Shifting Words

Teaching grammar and writing is a fascinating job for me. I get to track down word meanings and how they change, watch the language grow. English is a flexible language, and for all the exceptions to rules, crazy spelling and grammar twists, the fact that the language develops new words to cover new experiences is exciting.

CoughspellingTen years ago, we could not live without the phrase “floppy disk.” Today? It’s long gone. That’s how fast our language develops, uses, discards words.

For language, that’s healthy growth. Some other words that have changed meaning or are entirely new:

Doxing. An internet practice of outing sources or protected witnesses or hackers. Usually done by other hackers.

Bail-out: Used to mean taking water out of something, like a boat, to keep it afloat. Now it means pouring public money into a Wall Street company to keep it afloat. Notice that it used to mean taking out of and now it means putting into.

Like: Used to mean “to care for or about,” but now means “I saw what you posted on Facebook and don’t want to comment,” or even “I hate what is happening to you, but showing solidarity.”

Linked: Used to mean you were probably in trouble, as in “Your name has been linked to the embezzlers.” Now it shows you know a lot of people in businesses related to yours.

Favorite: Used to mean that something was special, unique, at the top of the good heap. Now it means, “I’ve seen your Tweet, and want you to know I’ve seen it.” Often not associated with being pleased at all.

Tag: Used to be a children’s game or a piece of paper affixed to an object to give more information. Now it means grabbing attention for items that might otherwise be ignored. If you’ve ever been tagged on Facebook, you know you have to look and sometimes wish you could have ignored it.

Follow: Used to mean to walk behind someone, sometimes a bit creepy. Stalkers followed you. Now used as a path to popularity: “I have 1,500 followers on Facebook.”

Break: Used to be something bad, a result of a clumsy move. Now, if you do it to the internet, you are an instant idol, for a nanosecond or more. “Your post broke the internet, dude!”

–Quinn McDonald loves watching the language change. But she is still a stubborn user of the Oxford comma.



12 thoughts on “Shifting Words

  1. Dr. Seuss before he was Dr. Seuss, when he was in college, wrote a book titled The tough coughs and ploughs the dough. It was interesting. The poster you cribbed into the blog reminded me of it.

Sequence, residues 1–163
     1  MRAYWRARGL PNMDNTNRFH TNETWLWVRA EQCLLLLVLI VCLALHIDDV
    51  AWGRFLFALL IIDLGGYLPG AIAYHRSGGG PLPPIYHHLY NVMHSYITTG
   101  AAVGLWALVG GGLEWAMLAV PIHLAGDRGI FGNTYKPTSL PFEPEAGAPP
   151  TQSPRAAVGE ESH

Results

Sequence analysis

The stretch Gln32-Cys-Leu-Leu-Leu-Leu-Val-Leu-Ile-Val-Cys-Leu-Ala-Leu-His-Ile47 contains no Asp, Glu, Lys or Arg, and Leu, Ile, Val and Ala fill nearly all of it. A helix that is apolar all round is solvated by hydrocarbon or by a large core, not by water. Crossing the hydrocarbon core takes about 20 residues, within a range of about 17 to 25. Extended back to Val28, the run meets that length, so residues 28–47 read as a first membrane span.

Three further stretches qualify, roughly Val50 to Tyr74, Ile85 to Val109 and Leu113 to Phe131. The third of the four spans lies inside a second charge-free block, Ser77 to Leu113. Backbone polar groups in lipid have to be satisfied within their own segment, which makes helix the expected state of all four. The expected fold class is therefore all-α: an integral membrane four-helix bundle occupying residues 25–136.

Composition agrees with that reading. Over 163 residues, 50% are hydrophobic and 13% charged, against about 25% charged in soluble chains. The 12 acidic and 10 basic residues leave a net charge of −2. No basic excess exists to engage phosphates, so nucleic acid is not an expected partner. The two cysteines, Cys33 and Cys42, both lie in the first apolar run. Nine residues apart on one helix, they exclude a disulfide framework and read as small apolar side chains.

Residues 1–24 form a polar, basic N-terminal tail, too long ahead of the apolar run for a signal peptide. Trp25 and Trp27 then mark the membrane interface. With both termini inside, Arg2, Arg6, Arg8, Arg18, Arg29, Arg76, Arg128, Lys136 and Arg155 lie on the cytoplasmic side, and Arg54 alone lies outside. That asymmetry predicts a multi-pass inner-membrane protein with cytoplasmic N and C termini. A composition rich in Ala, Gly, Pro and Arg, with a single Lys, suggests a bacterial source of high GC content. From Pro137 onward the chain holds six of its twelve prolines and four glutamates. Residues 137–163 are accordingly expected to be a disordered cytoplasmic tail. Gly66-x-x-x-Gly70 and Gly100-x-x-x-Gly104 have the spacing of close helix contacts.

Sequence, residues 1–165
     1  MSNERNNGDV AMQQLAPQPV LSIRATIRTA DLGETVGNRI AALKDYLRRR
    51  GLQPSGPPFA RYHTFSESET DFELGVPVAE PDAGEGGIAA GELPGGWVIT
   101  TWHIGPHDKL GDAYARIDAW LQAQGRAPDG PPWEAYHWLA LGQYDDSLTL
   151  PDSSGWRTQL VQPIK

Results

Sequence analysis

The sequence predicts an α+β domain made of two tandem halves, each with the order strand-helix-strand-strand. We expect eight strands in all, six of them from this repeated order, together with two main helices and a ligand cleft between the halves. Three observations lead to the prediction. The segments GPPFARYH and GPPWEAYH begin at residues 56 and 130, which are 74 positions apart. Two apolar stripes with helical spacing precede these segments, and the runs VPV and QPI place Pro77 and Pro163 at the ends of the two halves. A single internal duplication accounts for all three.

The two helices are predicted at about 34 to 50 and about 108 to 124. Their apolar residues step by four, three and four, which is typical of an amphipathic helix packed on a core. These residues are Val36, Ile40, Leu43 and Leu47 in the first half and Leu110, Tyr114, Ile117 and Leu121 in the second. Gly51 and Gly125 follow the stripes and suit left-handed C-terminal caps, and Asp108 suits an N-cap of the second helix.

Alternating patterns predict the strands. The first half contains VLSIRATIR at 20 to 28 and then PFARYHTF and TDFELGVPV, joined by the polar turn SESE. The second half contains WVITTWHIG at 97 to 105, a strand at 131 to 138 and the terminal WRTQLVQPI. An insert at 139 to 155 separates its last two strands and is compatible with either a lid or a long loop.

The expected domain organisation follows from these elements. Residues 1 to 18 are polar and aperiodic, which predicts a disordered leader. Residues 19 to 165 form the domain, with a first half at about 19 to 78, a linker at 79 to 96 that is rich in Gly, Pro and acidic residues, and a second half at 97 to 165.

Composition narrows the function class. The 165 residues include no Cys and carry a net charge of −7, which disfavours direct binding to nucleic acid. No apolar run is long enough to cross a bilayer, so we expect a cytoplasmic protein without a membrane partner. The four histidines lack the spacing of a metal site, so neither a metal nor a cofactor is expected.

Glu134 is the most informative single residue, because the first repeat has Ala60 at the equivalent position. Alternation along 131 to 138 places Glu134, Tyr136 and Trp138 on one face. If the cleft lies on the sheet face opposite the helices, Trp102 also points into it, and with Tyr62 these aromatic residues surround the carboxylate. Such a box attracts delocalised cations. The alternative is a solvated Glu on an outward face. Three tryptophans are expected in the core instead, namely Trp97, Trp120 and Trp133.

2. Ah, as an English teacher (read grammarian) you will find me none to quietly correcting the speech of the television personalities. I cringe at the lack of “proper” education of advertising professionals and their use of our language. Quinn you made me laugh. Even a kindred spirit must disagree about the Oxford comma: Bah! Humbug!

    • For your(and Pam’s) amusement, a response to a query with my internet provider. I was lost when the person hoped I was doing good, as opposed to evil I presume.

      Hello Wendy,

      I hope you’re doing good today and thank you for your email.

      I would like to first sincerely apologize for the delay of responding to your query.

      We have recently experienced an abrupt increase in number of emails received. We understand that this is not an acceptable excuse but rest assured that we are working through solutions so that we can attend and address each and every customer’s concern in a timely manner be it thru email or via phone.

      I understand very well that you were sent of this modem without notifying you and I understand that you don’t really need this as you currently one which is quite new. I’m sorry to hear if you feel sending you one may be a waste of our resource. This feedback rather is much appreciated and I have forwarded this for review by our Continuous Improvement Team for us to provide better assistance/service to our customers efficiently.

      Having looked at your account, The reason why this has been sent was, it is part of your package to ensure that our customers would have something handy once the new set of package gets effective as there are times we will be needing to make sure the modem is compatible with the service provided.

      Wendy, please accept my apology for the inconvenience that this may have caused you.

      Are there any other issues that hasn’t been resolved? Please let me know so I can personally attend to this matter the soonest time possible. I do want to make sure you are provided with all the necessary assistance just as what you deserve.

      Thank you kindly for your precious time and kind understanding, it is very much appreciated. Happy Holidays to you and your family Wendy!

      I might for give the delay, but the standard of English? Never!

    • As someone who worked at a newspaper (and used the AP style sheet), I gave up the Oxford comma. But I missed it, and when I left the newspaper, I took it back. Consider the sentence: My heroes are my parents, Superman and Wonderwoman. That means your parents are Superman and Wonderwoman, and you have two heroes. If you have four heroes, it reads: My heroes are my parents, Superman, and Wonderwoman. And that makes me an Oxford comma fan.

  3. I have a ‘thing’ about like on FB (although it’s nice when people like what I post on my blog). I find like difficult use to express solidarity when it’s something sad or bad, so hooked in to the old meaning am I. Nor can I abide, like, the inarticulate dingbats, like, that like use ‘like’ as every,like, second, word. Aaaarrrrrggggh! I feel like grasping them firmly by the throat and yelling “Just bloody say it!” but of course being essentially a non-violent person, I don’t.

    Love the (new to me) word doxing and wondered if it could be related to what a doxy does?

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